"Consumption has consistently fueled the recovery through the first half of the year," said Conference Board Economist Ken Goldstein. "The increase in the leading indicators now offers hope that economic performance may improve in the second half of the year.
"For this to happen, consumption must remain reasonably strong and has to be joined by a rise in investment.
"This recovery contrasts significantly with past upswings because of a lack of the usual post-recession pent-up demand. The recession was too short and shallow, and more concentrated in the industrial core of the economy, to trigger much pent-up demand."
The Conference Board also reports that the Coincident Index posted its third increase in the last five months, rising by 0.1 percent in May after no change in April. Gains in income and industrial production have been fairly steady contributors to this new rising trend. The lagging index fell 0.2 percent in May, after a 0.5 percent decline in April and a 0.6 percent fall in March.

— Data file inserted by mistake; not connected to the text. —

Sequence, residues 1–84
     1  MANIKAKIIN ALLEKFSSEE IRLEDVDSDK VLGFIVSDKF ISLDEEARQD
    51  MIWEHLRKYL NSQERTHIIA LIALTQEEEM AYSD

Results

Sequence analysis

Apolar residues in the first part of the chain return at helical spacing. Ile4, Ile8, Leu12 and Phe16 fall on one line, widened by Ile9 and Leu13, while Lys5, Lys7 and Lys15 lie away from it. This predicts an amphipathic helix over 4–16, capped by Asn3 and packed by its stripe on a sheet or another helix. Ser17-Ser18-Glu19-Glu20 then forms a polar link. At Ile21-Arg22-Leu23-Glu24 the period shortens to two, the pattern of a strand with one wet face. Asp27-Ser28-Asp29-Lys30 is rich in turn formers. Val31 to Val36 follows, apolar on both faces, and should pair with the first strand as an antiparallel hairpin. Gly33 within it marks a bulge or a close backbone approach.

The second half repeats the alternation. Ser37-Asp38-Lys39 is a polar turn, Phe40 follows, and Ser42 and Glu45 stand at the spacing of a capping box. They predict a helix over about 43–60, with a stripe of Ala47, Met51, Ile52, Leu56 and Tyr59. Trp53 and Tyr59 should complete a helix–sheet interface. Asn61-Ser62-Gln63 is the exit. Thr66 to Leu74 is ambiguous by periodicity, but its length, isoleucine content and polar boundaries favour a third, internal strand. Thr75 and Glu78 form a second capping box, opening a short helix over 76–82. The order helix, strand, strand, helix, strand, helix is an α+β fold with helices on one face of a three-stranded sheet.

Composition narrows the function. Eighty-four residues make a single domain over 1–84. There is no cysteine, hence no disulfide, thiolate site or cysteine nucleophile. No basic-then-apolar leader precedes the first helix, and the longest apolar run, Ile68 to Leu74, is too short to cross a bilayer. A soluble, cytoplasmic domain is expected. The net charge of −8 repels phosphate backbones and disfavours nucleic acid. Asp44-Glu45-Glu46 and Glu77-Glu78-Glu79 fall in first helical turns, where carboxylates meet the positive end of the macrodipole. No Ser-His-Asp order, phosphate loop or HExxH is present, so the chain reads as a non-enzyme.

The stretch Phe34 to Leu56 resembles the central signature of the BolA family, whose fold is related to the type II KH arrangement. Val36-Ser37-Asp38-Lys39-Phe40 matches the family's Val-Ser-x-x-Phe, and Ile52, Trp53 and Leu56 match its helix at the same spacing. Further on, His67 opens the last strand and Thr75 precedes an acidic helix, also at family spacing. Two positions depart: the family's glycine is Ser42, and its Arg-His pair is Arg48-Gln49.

Commercial and industrial loan activity remains a weak segment of the lagging index.
All four indicators that make up the coincident index increased in May. The largest contributor to the index was personal income less transfer payments. Industrial production, manufacturing and trade sales, and employees on nonagricultural payrolls had equivalent contributions. With the increase in May, the coincident index now stands at 115.8 (1996=100). Based on revised data, this index held steady in April and increased 0.1 percent in March.
During the six-month period through May, the coincident index increased 0.4 percent.
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